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I was thrilled the other day to have an opportunity to fly around the shores of Mono Lake, California, with celebrated aerial photographer (and pilot since the age of 14) Michael Light. The images seen here are photos I took while airborne.



A long interview with Michael is forthcoming here on v-e-n-u-e.com soon; for now, I thought I'd post some photos I was able to take while up in the air, circling over freshwater streams and flocks of birds, over the black gravel of dead volcanoes and tourist parking lots, limiting myself here only to some Instagrams, while other, shall we say more "real," photographs will be coming soon.



It was my first flight in anything other than a commercial aircraft—in fact, I am not normally a huge fan of flying—and the experience was incredible.



If it's possible to be bitten by a kind of aerial bug, a compulsion to be up in the air, to experience the landscape not as ground but as a relatively unpredictable series of atmospheric events, then I think that's what just happened to me.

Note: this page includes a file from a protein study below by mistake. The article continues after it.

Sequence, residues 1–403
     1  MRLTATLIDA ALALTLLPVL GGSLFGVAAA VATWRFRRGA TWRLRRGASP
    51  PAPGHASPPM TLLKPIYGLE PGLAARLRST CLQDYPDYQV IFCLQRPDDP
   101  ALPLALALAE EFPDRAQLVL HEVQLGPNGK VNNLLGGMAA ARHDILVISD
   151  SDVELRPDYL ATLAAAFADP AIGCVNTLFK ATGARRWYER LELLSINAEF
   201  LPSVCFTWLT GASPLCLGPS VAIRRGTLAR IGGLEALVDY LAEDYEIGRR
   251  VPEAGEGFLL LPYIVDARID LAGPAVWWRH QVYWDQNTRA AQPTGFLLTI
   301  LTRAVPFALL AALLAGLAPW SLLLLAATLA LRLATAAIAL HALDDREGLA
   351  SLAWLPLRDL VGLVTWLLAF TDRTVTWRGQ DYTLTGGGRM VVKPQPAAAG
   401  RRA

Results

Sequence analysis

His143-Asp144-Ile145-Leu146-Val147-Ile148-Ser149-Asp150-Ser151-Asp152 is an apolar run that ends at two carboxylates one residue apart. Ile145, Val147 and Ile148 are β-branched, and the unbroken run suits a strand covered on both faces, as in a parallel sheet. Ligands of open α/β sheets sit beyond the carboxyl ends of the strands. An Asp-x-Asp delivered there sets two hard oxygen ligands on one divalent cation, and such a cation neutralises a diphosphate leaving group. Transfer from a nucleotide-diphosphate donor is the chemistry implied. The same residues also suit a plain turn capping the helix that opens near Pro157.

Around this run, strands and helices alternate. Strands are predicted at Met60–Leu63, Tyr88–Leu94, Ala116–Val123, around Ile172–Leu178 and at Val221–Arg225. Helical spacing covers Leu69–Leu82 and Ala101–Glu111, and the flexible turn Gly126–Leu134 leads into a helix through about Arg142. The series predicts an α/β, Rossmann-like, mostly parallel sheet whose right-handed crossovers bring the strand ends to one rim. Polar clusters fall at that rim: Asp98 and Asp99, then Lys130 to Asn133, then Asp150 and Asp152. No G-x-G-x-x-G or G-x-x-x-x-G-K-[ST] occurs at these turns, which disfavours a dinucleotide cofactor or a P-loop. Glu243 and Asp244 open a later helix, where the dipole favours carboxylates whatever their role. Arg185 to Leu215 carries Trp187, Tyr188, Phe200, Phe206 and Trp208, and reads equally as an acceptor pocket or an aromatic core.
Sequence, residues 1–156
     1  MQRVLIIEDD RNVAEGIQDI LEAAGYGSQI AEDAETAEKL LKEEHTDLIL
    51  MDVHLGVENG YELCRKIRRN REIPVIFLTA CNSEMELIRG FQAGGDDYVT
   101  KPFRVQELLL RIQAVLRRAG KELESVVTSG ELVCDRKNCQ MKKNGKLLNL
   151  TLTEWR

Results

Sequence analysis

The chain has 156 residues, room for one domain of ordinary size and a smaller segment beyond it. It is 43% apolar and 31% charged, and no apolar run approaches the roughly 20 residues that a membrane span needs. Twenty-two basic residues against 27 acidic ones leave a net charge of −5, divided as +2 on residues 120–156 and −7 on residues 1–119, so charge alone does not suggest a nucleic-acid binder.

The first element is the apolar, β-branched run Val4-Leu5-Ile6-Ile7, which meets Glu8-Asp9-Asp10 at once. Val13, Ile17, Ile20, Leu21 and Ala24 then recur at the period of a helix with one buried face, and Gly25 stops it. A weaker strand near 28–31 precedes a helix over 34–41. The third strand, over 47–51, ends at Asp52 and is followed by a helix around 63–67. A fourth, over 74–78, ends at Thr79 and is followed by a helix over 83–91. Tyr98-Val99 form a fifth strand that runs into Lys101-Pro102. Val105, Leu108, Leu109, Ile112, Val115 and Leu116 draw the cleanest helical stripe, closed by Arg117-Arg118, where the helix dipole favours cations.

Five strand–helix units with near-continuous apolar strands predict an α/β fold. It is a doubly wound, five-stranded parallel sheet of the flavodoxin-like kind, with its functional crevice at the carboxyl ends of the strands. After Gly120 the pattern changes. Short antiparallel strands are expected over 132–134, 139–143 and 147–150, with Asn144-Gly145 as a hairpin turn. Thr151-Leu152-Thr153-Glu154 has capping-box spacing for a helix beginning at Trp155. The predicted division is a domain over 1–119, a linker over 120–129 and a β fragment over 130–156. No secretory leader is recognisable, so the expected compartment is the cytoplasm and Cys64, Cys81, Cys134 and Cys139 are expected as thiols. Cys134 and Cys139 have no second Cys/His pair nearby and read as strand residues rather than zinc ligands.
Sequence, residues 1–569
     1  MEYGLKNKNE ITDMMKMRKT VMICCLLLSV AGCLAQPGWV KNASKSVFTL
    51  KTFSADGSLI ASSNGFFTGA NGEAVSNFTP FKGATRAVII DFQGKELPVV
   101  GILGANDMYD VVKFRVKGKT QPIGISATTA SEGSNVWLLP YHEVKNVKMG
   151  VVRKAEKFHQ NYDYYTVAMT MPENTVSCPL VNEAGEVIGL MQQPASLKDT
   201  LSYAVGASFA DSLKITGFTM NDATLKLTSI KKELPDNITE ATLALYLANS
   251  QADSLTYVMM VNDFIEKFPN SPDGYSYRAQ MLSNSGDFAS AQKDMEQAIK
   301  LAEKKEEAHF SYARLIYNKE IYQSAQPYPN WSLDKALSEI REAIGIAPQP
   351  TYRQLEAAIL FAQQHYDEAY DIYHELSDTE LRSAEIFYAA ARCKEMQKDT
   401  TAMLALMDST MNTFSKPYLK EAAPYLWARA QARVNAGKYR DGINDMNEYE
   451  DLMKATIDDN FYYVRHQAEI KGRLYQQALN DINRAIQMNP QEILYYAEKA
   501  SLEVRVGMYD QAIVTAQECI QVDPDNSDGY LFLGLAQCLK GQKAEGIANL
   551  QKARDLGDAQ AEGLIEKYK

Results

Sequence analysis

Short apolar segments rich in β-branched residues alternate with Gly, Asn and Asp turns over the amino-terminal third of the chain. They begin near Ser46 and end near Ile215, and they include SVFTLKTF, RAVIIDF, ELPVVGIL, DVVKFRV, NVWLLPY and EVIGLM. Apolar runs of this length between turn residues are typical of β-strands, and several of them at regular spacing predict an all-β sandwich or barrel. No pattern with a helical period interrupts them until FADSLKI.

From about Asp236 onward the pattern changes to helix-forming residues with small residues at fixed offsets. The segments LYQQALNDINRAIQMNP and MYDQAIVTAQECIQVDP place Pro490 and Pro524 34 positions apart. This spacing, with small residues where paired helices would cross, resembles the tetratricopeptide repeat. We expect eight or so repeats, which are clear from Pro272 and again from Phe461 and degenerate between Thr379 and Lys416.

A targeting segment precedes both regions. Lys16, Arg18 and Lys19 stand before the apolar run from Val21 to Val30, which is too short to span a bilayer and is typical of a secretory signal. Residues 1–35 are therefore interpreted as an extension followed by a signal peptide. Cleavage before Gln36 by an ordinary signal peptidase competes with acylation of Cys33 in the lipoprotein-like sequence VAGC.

Michael did all of the heavy lifting—avoiding turbulence, "crabbing" the plane into the wind to escape imminent misdirection, and circling us over geological features, such as the exquisite Panum Crater—



—and local houses, including Michael's own off-the-grid residence, while I enthusiastically snapped dozens of photos and tried to keep up with Michael's detailed introduction to the geology of the region, from ancient calderas and glassine lava fields to the effects of terrain on otherwise invisible local airflow patterns.



Stay tuned for our long interview with Michael Light; for now, enjoy the photos.



And thanks to Michael Light for an extraordinary tour of Mono Lake.
 
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